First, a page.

|•||Herbal ingredients: have the ability to penetrate the skin fast. In vivo skin penetration studies of the Chamomile flavones apigenin, luteolin and apigenin 7-O-beta-glucoside were carried out with nine healthy, female volunteers. During seven hours the decline of flavonoid concentration in a saturated aqueous alcoholic solution filled in application chambers were repeatedly measured by spectrophotometry at fixed time periods. It was concluded, that the flavonoids are not only absorbed at the skin surface, but penetrate into deeper skin layers. This is important for their topical use as antiphlogistic agents (19).
Another study has been done to investigate the permeability of natural herbal compounds of different range of lipophilicity through hairless mouse skin and the effect of certain herbal extract called Senkyu (Ligustici Chuanxiong Rhizome) ether extract (SEE) as permeability enhancer. It has been found that (Senkyu) ether extract (SEE) enhanced the permeability of the herbal ingredient that have moderate permeability rate. The effect of SEE in vivo was similar to that obtained in the in vitro experiment. It was concluded that the natural compounds having high lipophilicity sufficiently permeated into the hairless mouse skin owing to their accumulative property, and the Senkyu ether extract enhanced the permeability of the moderately lipophilic compounds into the skin (20).
Deserving Health™ by using combination of buffered gel and skin permeation enhancer in addition to the easily permeable herbal ingredients, extracted by natural solvents, further increases the flux through the epidermis. It has been concluded after several studies that Iontophoresis in combination with enhancers (e.g. linolenic acid ) transformed the highly compact cells of the Stratum corneum into a looser network of filaments, disrupted the keratin pattern, and resulted in swelling of Stratum corneum cell layers of human epidermis, thus increases the flux of medication through human epidermis (21).
The scientists of Deserving Health™ are and will always be appreciating the trust of their customers all over the world. They will always make use of their unique creative feature in developing the best of the topical herbal remedies to protect their customers from the side effect of the long term use of pharmacological drugs.
1- Marjukka Suhonen T. Bouwstra JA. Urtti A. Chemical enhancement of percutaneous absorption in relation to stratum corneum structural alterations. Journal of Controlled Release. 59(2):149-61, 1999 May 20.
2- Godwin DA. Michniak BB. Creek KE. Evaluation of transdermal penetration enhancers using a novel skin alternative. Journal of Pharmaceutical Sciences. 86(9):1001-5, 1997 Sep.
3- Tompkins, R.G.; Burger, A.; Ponec, M. Clin. Exp. Dermatol. 1994, 19 (1), 16-22.
4- Clarys P. Alewaeters K. Jadoul A. Barel A. Manadas RO. Preat V. In vitro percutaneous penetration through hairless rat skin: influence of temperature, vehicle and penetration enhancers. European Journal of Pharmaceutics & Biopharmaceutics. 46(3):279-83, 1998 Nov.
5- David W. Osborne and Jill J. Henke. Skin Penetration Enhancers Cited in The Technical Literature. Research and Development, ViroTex Corporation, 4200 Research Forest Drive, Suite 350, The Woodlands TX 77381.
6- K.A. Walters and J. Hadgraft, Eds., Pharmaceutical Skin Penetration Enhancement . Marcel Dekker, New York, 1993.
7- D.S. Hsieh, Ed. Drug Permeation Enhancement: Theory and Applications, Marcel Dekker, New York, 1994.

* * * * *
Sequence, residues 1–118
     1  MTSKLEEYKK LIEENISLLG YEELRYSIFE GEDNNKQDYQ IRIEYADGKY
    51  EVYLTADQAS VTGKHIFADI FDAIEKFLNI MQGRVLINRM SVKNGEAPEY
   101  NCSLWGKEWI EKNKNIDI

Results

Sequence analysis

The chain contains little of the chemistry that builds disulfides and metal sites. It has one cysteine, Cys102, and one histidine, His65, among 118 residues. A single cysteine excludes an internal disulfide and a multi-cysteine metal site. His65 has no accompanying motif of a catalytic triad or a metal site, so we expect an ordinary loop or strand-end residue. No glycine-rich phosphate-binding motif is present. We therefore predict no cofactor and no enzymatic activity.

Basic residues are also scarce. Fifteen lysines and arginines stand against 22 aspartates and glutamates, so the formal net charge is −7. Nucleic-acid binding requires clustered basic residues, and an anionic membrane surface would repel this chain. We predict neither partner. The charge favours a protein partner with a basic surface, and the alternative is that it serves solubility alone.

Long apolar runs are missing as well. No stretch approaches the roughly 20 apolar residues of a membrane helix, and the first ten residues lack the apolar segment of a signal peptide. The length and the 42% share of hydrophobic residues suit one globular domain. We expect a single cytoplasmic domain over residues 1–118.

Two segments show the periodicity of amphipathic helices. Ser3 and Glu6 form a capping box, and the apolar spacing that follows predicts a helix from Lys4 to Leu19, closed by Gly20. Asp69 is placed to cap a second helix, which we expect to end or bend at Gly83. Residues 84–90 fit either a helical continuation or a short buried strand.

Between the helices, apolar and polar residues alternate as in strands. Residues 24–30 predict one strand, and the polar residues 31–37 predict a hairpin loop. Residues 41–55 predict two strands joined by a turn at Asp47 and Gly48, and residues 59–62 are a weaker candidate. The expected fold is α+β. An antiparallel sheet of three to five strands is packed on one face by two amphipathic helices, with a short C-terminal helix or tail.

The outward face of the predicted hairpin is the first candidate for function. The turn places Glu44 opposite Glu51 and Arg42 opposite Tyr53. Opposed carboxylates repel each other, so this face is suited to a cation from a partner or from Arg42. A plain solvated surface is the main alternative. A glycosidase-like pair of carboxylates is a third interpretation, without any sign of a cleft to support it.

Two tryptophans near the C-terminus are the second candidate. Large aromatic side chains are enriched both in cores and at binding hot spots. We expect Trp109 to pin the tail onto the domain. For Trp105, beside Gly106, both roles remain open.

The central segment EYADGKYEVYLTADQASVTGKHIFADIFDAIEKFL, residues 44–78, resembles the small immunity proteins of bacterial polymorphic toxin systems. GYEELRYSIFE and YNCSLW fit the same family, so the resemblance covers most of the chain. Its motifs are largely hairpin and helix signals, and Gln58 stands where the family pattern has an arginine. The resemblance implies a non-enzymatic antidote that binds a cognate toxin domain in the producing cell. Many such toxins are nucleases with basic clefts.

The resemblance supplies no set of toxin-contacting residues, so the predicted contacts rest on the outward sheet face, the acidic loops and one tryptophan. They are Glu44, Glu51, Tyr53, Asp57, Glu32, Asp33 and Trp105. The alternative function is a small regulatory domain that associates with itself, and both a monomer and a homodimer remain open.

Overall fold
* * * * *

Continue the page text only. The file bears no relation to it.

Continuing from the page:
8- V.P. Shah, C.C. Peck, and R.L. Williams. Skin Penetration Enhancement: Clinical Pharmacological and Regulatory Considerations. Pharmaceutical Skin Penetration Enhancement K. A. Walters and J. Hadgraft, Eds. (Marcel Dekker 1993). pp. 417-427.
9- Tanojo H. Bouwstra JA. Junginger HE. Bodde HE. In vitro human skin barrier modulation by fatty acids: skin permeation and thermal analysis studies. Pharmaceutical Research. 14(1):42-9, 1997 Jan.
10- Jiang Shao Jun. Kim Young Koo. Lee Seung Hun [a] The ultrastructural changes of stratum corneum lipids after application of oleic acid in propylene glycol. Annals of Dermatology. 10(3). July, 1998. 153-158.
11- Loftsson T. Gunnarsdottir T. Magnusdottir LM. Frioriksdottir H. Guomundsdottir TK. Olafsson JH. Haraldsson GG. Guomundsson G. Hjaltason B. Effect of various marine lipids on transdermal drug delivery--in vitro evaluation. Bollettino Chimico Farmaceutico. 136(10):640-5, 1997 Nov.
12- Kommuru Thirumala R. Khan Mansoor A. Reddy Indra K [a]. Effect of chiral enhancers on the permeability of optically active and racemic metoprolol across hairless mouse skin. Chirality. 11(7). 1999. 536-540.
13- Takayama and T. Nagai, Drug Dev. Ind. Pharm., 20, 677 (1994).
14- H. Okabe, Y. Obata, K. Takayama and T. Nagai, Drug Design Delivery, 6, 229 (1990).
15- Kaplun-Frischoff Y. Touitou E. Testosterone skin permeation enhancement by menthol through formation of eutectic with drug and interaction with skin lipids. Journal of Pharmaceutical Sciences. 86(12):1394-9, 1997 Dec.
16- Kunta JR. Goskonda VR. Brotherton HO. Khan MA. Reddy IK. Effect of menthol and related terpenes on the percutaneous absorption of propranolol across excised hairless mouse skin. Journal of Pharmaceutical Sciences. 86(12):1369-73, 1997 Dec.
17- A. Aioi, K. Kuriyama, T. Shimizu, M. Yoshioka, and S. Uenoyama. Effects of Vitamin E and Squalene on Skin Irritation of a Transdermal Enhancer, Lauroyl Sarcosine. Int. J. Pharm. 93:1-6 (1993).
18- Loftsson T. Petersen DS. Le Goffic F. Olafsson JH. Unsaturated glycerol monoethers as novel skin penetration enhancers. Pharmazie. 52(6):463-5, 1997 Jun.
19- Merfort I. Heilmann J. Hagedorn-Leweke U. Lippold BC. In vivo skin penetration studies of camomile flavones. Pharmazie. Vol 49(7) (pp 509-511), 1994.
20- Sekiya K. Kadota S. Katayama K. Koizumi T. Namba T. Study on baths with crude drug. III. The effect of ligustici chuanxiong rhizome extract on the percutaneous absorption of some natural compounds. Biological & Pharmaceutical Bulletin. 20(9):983-7, 1997 Sep.
21- Bhatia Kuljit S. Singh Jagdish [a]. Effect of linolenic acid/ethanol or limonene/ethanol and iontophoresis on the in vitro percutaneous absorption of LHRH and ultrastructure of human epidermis. International Journal of Pharmaceutics (Amsterdam). 180(2). April 15, 1999.
- November 28, 2016
- Elena M